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Single-Molecule Force Spectroscopy on the N2A Element of Titin : Effects of Phosphorylation and CARP

Single-Molecule Force Spectroscopy on the N2A Element of Titin : Effects of Phosphorylation and CARP

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LANZICHER, Thomas, Tiankun ZHOU, Chandra SARIPALLI, Vic KESCHRUMRUS, John E. SMITH, Olga MAYANS, Orfeo SBAIZERO, Henk GRANZIER, 2020. Single-Molecule Force Spectroscopy on the N2A Element of Titin : Effects of Phosphorylation and CARP. In: Frontiers in Physiology. Frontiers Research Foundation. 11, 173. eISSN 1664-042X. Available under: doi: 10.3389/fphys.2020.00173

@article{Lanzicher2020Singl-49714, title={Single-Molecule Force Spectroscopy on the N2A Element of Titin : Effects of Phosphorylation and CARP}, year={2020}, doi={10.3389/fphys.2020.00173}, volume={11}, journal={Frontiers in Physiology}, author={Lanzicher, Thomas and Zhou, Tiankun and Saripalli, Chandra and Keschrumrus, Vic and Smith, John E. and Mayans, Olga and Sbaizero, Orfeo and Granzier, Henk}, note={Article Number: 173} }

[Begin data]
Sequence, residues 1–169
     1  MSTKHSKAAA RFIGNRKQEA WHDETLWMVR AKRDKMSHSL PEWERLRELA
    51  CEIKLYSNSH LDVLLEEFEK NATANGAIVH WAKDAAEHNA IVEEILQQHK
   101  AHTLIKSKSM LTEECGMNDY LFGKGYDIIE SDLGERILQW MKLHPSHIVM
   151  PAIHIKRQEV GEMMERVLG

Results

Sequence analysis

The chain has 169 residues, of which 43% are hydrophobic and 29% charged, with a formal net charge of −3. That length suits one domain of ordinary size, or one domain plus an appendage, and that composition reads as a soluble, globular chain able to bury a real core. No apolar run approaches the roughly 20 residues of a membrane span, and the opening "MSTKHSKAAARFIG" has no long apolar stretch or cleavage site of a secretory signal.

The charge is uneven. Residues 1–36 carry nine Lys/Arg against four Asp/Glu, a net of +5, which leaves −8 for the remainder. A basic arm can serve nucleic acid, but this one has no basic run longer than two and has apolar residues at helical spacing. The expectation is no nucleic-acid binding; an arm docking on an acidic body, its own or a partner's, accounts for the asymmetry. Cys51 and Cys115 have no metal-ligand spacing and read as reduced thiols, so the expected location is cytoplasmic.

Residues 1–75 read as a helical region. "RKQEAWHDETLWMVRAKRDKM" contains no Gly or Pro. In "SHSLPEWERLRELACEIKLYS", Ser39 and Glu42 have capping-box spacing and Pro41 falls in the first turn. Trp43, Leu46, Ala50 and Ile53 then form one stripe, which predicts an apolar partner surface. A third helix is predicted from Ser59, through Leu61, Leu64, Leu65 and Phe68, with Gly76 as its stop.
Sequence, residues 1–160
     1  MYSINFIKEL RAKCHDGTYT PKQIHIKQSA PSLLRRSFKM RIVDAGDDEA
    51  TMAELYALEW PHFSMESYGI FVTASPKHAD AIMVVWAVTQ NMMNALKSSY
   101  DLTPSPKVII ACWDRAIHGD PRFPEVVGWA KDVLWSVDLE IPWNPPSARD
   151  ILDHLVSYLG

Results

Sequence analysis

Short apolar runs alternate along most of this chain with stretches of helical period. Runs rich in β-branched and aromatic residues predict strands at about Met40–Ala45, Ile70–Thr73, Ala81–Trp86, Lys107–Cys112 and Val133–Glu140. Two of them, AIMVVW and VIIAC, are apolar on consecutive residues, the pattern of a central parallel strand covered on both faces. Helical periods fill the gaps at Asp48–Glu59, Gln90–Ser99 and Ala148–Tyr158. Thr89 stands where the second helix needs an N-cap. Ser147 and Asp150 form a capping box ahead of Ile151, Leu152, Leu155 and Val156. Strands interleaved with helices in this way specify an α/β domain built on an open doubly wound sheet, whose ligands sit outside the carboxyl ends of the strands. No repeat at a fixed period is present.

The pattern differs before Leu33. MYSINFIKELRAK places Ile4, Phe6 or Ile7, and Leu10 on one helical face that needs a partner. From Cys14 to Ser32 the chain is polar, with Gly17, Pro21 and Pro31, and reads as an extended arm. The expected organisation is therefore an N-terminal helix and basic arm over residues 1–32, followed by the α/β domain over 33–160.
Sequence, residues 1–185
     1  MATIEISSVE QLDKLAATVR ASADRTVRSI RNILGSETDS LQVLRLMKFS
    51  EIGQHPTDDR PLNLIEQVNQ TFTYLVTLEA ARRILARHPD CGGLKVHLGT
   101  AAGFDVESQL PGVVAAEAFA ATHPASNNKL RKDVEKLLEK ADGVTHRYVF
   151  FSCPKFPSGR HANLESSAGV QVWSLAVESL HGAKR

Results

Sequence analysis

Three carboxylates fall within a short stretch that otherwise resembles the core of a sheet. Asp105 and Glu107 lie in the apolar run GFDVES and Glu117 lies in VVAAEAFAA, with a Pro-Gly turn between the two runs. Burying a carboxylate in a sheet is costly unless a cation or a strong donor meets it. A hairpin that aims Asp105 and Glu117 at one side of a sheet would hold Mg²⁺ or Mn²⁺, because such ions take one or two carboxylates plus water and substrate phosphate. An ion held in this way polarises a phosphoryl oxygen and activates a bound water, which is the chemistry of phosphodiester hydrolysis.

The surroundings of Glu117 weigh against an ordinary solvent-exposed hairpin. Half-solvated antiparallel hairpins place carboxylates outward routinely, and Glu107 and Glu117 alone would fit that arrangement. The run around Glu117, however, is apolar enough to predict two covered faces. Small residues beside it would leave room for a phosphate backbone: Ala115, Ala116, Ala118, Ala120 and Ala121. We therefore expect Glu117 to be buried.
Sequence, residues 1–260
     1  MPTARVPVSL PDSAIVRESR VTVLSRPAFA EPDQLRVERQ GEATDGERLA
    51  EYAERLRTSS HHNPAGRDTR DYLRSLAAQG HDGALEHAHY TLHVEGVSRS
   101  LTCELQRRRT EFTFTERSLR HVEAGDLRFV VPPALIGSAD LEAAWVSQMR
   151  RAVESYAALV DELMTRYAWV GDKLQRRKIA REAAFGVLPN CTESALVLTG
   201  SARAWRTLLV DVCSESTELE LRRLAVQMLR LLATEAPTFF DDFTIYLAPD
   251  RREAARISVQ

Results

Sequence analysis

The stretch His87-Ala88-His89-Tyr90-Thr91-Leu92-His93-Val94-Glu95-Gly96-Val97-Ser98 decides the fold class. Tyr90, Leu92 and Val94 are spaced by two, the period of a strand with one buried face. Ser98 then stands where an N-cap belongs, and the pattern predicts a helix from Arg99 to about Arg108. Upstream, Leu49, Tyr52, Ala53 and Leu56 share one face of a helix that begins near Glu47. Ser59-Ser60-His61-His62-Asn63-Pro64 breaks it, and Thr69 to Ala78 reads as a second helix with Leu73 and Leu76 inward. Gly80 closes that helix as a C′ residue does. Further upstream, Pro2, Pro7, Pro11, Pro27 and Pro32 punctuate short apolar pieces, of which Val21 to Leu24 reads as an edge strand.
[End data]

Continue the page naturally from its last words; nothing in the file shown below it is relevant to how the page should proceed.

Lanzicher, Thomas Lanzicher, Thomas Granzier, Henk 2020 Smith, John E. Keschrumrus, Vic 2020-05-28T08:56:17Z Mayans, Olga Zhou, Tiankun Single-Molecule Force Spectroscopy on the N2A Element of Titin : Effects of Phosphorylation and CARP Attribution 4.0 International Mayans, Olga Titin is a large filamentous protein that forms a sarcomeric myofilament with a molecular spring region that develops force in stretched sarcomeres. The molecular spring has a complex make-up that includes the N2A element. This element largely consists of a 104-residue unique sequence (N2A-Us) flanked by immunoglobulin domains (I80 and I81). The N2A element is of interest because it assembles a signalosome with CARP (Cardiac Ankyrin Repeat Protein) as an important component; CARP both interacts with the N2A-Us and I81 and is highly upregulated in response to mechanical stress. The mechanical properties of the N2A element were studied using single-molecule force spectroscopy, including how these properties are affected by CARP and phosphorylation. Three protein constructs were made that consisted of 0, 1, or 2 N2A-Us elements with flanking I80 and I81 domains and with specific handles at their ends for study by atomic force microscopy (AFM). The N2A-Us behaved as an entropic spring with a persistence length (Lp) of ∼0.35 nm and contour length (Lc) of ∼39 nm. CARP increased the Lp of the N2A-Us and the unfolding force of the Ig domains; force clamp experiments showed that CARP reduced the Ig domain unfolding kinetics. These findings suggest that CARP might function as a molecular chaperone that protects I81 from unfolding when mechanical stress is high. The N2A-Us was found to be a PKA substrate, and phosphorylation was blocked by CARP. Mass spectrometry revealed a PKA phosphosite (Ser-9895 in NP_001254479.2) located at the border between the N2A-Us and I81. AFM studies showed that phosphorylation affected neither the Lp of the N2A-Us nor the Ig domain unfolding force (F<sub>unfold</sub>). Simulating the force-sarcomere length relation of a single titin molecule containing all spring elements showed that the compliance of the N2A-Us only slightly reduces passive force (1.4%) with an additional small reduction by CARP (0.3%). Thus, it is improbable that the compliance of the N2A element has a mechanical function per se. Instead, it is likely that this compliance has local effects on binding of signaling molecules and that it contributes thereby to strain- and phosphorylation- dependent mechano-signaling. 2020-05-28T08:56:17Z Keschrumrus, Vic Saripalli, Chandra Sbaizero, Orfeo Sbaizero, Orfeo Zhou, Tiankun eng Saripalli, Chandra Granzier, Henk Smith, John E.

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